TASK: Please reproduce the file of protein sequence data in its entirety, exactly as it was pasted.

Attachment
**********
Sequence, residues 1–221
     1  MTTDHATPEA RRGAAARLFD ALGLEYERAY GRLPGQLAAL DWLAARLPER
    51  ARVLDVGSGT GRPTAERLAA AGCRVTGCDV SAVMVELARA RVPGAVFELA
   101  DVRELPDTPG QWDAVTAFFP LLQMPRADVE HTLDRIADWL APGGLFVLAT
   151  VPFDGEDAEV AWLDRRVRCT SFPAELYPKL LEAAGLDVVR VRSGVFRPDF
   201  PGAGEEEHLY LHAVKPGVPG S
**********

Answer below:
Sequence, residues 1–221
     1  MTTDHATPEA RRGAAARLFD ALGLEYERAY GRLPGQLAAL DWLAARLPER
    51  ARVLDVGSGT GRPTAERLAA AGCRVTGCDV SAVMVELARA RVPGAVFELA
   101  DVRELPDTPG QWDAVTAFFP LLQMPRADVE HTLDRIADWL APGGLFVLAT
   151  VPFDGEDAEV AWLDRRVRCT SFPAELYPKL LEAAGLDVVR VRSGVFRPDF
   201  PGAGEEEHLY LHAVKPGVPG S